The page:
Fitness Every Day, Starting Right Now

April 26, 2013 by  
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Last week I told you about my goal to work out every single day and do that at least until my 70th birthday which is now 347 days. (I’m pretty sure when I hit 70 I won’t stop then either!) So far so good–I haven’t missed a day in the last 45 days! I sure could have used the fact that I hurt my back one day as an excuse to skip a day but I didn’t. I was in a lot of pain then but I sure felt terrific when I finished. I mean, physically I was totally beat and in a world of hurt but mentally, I felt like a champion. And, wow … that felt great!

One big discovery I made with my “every single day” workout goal was that we are more likely to succeed at it because unlike a goal to work out 4 or 5 days a week, an “every single day” goal doesn’t tempt you to skip today’s workout. You can’t say “Oh, I’ll feel better tomorrow and I can still get in my 4 or 5 days this week.” The thing is, if you do procrastinate you may well find yourself skipping and pushing your work out until you run out of days in the week and miss your target. With an “every single day” goal you know procrastination or skipping days is simply not an option.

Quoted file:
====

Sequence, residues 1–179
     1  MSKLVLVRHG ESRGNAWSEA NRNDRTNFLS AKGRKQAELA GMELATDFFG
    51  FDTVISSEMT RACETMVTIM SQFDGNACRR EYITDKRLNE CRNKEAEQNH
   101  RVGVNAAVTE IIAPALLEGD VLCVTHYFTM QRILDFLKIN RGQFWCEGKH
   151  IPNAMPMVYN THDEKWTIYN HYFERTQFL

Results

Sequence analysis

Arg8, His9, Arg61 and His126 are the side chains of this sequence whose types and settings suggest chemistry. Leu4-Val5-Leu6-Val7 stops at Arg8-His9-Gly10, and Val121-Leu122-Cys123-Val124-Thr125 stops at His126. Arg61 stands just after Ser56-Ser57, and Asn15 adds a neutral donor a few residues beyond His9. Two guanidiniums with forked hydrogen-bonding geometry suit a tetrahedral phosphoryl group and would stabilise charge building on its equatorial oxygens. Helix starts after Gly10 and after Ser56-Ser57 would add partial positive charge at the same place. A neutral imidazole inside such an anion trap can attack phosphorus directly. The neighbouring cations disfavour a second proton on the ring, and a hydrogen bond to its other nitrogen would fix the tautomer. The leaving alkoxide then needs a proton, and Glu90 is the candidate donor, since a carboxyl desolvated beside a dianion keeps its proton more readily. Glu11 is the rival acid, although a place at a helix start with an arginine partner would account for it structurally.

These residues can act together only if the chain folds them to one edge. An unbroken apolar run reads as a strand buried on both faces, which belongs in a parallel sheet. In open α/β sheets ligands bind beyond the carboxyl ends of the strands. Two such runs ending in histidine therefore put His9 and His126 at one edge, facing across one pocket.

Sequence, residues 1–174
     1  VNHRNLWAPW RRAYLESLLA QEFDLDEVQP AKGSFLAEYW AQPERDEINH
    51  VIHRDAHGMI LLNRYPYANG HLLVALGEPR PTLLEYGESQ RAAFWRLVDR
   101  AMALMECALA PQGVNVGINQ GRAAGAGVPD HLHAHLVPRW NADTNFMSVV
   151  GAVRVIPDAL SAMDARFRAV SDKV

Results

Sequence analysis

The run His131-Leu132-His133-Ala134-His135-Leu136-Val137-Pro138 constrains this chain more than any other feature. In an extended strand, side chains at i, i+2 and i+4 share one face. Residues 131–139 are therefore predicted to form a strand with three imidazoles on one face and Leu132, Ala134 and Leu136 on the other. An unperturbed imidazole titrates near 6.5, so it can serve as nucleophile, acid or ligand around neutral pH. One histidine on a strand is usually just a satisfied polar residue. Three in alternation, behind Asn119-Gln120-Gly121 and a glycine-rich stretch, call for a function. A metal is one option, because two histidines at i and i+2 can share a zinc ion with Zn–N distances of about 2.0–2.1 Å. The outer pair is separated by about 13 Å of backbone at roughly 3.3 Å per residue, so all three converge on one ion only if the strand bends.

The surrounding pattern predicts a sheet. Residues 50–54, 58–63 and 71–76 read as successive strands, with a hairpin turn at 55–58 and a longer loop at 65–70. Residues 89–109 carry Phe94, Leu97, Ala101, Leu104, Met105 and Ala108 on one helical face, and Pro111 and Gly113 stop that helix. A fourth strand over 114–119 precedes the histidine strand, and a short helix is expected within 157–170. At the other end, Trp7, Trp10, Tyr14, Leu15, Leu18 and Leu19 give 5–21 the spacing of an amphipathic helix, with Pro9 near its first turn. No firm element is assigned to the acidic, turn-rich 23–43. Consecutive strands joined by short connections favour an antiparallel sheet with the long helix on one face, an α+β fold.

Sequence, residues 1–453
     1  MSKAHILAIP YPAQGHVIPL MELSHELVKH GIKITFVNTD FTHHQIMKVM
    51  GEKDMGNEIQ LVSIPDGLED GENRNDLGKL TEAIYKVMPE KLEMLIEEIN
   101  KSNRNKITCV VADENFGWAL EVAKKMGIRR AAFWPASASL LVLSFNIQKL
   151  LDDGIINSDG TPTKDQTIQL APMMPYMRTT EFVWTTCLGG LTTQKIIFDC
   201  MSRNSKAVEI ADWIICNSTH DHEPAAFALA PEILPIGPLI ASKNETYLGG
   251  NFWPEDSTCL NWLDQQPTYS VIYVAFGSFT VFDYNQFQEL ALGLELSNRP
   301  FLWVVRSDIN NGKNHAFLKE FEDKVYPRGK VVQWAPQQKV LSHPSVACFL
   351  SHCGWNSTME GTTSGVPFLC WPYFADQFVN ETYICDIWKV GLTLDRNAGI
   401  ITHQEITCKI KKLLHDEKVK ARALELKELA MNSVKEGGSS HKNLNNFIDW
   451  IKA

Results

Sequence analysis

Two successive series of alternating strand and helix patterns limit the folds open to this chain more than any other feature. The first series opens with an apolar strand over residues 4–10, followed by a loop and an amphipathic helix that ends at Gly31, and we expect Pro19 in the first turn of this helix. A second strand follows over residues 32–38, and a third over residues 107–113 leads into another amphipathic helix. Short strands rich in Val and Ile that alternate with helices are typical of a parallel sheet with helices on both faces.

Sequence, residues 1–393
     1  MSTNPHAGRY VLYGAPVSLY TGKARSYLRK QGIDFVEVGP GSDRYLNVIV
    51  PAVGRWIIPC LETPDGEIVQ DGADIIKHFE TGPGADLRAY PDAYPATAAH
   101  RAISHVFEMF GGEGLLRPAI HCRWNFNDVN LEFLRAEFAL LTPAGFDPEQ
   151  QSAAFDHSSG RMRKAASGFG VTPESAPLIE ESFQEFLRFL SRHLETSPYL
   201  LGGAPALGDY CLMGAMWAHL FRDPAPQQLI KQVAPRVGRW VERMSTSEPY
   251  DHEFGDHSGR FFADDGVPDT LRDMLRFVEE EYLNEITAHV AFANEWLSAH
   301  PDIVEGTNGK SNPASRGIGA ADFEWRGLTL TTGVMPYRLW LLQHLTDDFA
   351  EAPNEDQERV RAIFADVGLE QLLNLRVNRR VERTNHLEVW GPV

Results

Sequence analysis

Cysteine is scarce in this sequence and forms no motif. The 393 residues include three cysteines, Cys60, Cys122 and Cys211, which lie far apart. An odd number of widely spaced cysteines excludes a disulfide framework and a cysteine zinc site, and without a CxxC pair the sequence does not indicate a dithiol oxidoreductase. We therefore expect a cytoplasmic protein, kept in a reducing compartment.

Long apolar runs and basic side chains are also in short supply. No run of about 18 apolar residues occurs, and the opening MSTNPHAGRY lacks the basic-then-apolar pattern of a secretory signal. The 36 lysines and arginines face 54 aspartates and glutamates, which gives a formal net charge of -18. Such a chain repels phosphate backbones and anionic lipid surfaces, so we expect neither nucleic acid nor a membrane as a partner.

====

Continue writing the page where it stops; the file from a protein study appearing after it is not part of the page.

If this simple goal hasn’t motivated you to start your own health and work out program by now, then I think I need to tempt you by giving you a list of huge benefits or as I call these lists in my book “How To Ignite Your Passion For Living”, B-RAM. B-RAM stands for Benefits, Reasons, and Motivations. These are the things that will keep you chasing your goal if your keep them in the forefront of your mind. (See Chapter 7 entitled “The Sure Fire Way to Stick with Every Goal” on page 71 for more on how to benefit from B-RAM.)

Here are 7 huge benefits of setting unshakable fitness goals as given by Dr. Daniel G. Amen in his book “Use Your Brain to Change Your Age”. Print out this B-RAM (adding more reasons to it if you like) and post it somewhere to keep reminding yourself how wonderful this goal will be for you:

1. Those with pep in their step stay younger.

2. Aerobics will help you keep more brain tissue.

3. Balance exercises help you age gracefully.